As the lived experience of an artist working with spirituality in relation to videogames, this study of self and consciousness can be considered a local site of work, seeking to establish knowledge of this kind of practice in relation to videogames, so that shared experience may be extrapolated or compared. The subject of Psychedelics - as a way of looking at the world, as well as that which informs creating videogame work in relation to spirituality is an area seldom talked about publically, so making this phenomenological study as part of public discourse intends to be useful as not only self critique, but also a relatable resource, to provoke conversation.

The research is bracketed through what I previously termed “fantastical naïve assumptions” – which can also be looked at as the basis of certain personally held spiritual beliefs that purposefully inform the practice. These spiritual beliefs are detailed as part of the Method section in 3.1.1.

The artefacts of the research are inclusive of work samples, selections from the painting portfolio, academic writing and formal blog (some of which is referenced in appendices), documentation of the work itself, and a Virtual Reality work.

The research has been developed primarily through a sketch-based method combined with an aggregated process of software design in order to construct and develop the work. Digital painting is employed as a method, firstly of navigating and identifying subtle sites that are uncovered when making work, and secondly providing foundations which the work rests on. Painting also provides an everyday sense of time within the work, in the sense that it acts as a marker of moments in daily practice. The writing of this research also engaged in playful practice informed by readings and descriptions of personal psychedelic and dreamlike experiences.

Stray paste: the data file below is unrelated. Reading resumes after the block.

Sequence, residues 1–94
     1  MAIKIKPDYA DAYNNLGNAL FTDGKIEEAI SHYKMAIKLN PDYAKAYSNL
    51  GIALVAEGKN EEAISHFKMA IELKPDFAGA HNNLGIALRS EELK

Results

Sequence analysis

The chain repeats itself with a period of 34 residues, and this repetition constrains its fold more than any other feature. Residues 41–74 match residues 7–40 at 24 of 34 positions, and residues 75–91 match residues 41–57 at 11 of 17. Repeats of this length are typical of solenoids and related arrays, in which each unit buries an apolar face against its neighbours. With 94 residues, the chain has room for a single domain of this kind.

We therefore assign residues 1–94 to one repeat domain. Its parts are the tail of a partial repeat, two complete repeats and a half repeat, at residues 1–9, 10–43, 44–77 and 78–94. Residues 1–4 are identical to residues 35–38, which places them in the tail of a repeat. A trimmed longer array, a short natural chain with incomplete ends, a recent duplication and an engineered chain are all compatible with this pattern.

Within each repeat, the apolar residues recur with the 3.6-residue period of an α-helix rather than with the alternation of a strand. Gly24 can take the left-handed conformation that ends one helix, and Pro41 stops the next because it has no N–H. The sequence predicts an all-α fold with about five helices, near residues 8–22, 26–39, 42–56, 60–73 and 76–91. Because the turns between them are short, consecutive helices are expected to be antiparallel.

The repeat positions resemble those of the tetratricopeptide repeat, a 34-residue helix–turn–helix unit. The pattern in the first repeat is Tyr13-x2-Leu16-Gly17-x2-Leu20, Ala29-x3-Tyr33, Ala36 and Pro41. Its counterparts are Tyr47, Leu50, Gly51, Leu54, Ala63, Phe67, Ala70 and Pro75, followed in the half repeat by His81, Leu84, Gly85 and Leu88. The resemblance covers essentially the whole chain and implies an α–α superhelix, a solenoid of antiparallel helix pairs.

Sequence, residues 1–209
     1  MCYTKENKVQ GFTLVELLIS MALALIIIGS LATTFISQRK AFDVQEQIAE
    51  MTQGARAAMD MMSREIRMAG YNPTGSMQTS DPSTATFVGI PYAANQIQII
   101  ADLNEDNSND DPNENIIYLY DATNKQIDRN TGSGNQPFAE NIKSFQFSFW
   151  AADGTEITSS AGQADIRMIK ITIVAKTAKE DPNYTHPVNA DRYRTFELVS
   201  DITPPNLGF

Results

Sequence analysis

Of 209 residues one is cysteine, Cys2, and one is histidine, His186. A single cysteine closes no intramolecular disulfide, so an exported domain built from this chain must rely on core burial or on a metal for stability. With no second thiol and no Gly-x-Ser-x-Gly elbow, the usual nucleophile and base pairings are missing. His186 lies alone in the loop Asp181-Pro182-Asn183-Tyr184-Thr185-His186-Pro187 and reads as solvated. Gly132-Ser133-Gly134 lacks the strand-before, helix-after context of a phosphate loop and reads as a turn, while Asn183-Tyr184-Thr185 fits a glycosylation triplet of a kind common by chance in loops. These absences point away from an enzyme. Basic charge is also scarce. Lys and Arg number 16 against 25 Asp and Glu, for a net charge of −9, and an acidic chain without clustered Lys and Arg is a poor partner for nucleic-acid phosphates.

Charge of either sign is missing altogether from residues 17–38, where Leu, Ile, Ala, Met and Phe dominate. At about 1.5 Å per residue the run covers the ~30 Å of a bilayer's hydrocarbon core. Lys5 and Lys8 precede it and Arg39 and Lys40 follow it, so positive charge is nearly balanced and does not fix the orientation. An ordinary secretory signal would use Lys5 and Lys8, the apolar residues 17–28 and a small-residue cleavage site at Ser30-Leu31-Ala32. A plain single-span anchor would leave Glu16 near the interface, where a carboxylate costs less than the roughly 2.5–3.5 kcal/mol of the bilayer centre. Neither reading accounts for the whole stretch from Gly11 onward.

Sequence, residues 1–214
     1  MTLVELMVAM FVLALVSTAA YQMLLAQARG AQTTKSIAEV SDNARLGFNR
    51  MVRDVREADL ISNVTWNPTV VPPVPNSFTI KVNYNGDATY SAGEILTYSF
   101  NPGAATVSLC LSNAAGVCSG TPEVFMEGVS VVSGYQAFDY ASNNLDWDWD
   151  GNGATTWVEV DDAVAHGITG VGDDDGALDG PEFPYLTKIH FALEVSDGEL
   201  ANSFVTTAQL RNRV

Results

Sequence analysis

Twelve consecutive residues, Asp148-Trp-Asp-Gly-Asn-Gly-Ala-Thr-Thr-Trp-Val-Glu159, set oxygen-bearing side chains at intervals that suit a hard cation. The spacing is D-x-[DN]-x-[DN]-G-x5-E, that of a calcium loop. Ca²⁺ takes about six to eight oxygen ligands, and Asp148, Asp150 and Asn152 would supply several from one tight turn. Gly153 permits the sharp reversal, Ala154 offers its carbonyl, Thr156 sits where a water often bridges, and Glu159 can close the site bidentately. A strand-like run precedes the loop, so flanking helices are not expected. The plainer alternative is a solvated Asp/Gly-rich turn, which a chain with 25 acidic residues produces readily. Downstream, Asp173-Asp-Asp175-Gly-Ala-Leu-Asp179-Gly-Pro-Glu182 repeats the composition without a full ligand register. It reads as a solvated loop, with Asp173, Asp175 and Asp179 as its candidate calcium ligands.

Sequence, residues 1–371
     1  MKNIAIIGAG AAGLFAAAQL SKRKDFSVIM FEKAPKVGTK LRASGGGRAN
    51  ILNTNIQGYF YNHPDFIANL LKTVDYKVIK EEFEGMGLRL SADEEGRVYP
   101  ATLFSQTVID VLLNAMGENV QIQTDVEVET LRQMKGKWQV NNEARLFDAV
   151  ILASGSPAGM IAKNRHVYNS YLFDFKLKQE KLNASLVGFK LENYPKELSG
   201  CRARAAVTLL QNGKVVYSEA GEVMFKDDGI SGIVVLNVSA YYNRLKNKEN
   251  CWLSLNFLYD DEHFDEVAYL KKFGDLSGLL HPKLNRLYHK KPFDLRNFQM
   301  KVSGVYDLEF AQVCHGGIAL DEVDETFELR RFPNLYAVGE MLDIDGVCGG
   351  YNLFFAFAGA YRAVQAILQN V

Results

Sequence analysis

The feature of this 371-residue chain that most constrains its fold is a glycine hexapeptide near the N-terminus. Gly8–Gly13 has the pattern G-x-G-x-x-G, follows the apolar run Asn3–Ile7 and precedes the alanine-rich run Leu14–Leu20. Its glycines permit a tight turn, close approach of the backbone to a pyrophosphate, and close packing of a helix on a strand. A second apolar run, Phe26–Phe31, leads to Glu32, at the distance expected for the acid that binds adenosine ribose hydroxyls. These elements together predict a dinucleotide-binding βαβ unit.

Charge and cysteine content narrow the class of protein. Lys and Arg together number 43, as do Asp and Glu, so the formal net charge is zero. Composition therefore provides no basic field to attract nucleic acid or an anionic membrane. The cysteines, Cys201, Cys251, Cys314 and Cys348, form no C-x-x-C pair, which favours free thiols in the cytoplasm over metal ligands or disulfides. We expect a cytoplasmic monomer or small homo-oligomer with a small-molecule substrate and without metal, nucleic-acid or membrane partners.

Sketches in this context are taken as inclusive of writing, the Unity3D scenes (a real-time game engine) and other software programs, physical drawing, digital sculpture, and audio manipulation. Once these sketches are materialised, methods are employed to collapse them together, and interrogate their order. This interrogation hopes to discuss tangibility in relation to digital works, as well as try to make other connections in the seemingly disconnected diverse range of material that is produced.

Simultaneously, a public design blog ( has been maintained engaging with this process. The writing from this both formal and poetic blog, has been necessary in order to keep track of design additions and changes and is not dissimilar to a ‘change-log’ in software design.

1.4: Research Question and Aims

This research seeks to understand how videogames and their related practices can be informed by sketch-based processes derived from conventional artistic fields as seen through dreams and psychedelic experiences.

It seeks to understand how videogames, informed by such sketched based processes derived from traditional art practice, dreams, psychedelic experiences and through play will change the way videogame practice can be performed, and in what ways this performed sacred will in turn, affect videogames. It also seeks to understand the ways in which this psychedelic ordinary can profanate videogames, in order to make new pathways for them to travel on.

Last Updated: